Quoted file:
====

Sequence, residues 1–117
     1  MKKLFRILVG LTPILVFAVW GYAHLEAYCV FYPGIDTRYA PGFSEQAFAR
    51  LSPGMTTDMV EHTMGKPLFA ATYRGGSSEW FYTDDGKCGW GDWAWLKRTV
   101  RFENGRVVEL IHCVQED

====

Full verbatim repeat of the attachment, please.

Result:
Sequence, residues 1–117
     1  MKKLFRILVG LTPILVFAVW GYAHLEAYCV FYPGIDTRYA PGFSEQAFAR
    51  LSPGMTTDMV EHTMGKPLFA ATYRGGSSEW FYTDDGKCGW GDWAWLKRTV
   101  RFENGRVVEL IHCVQED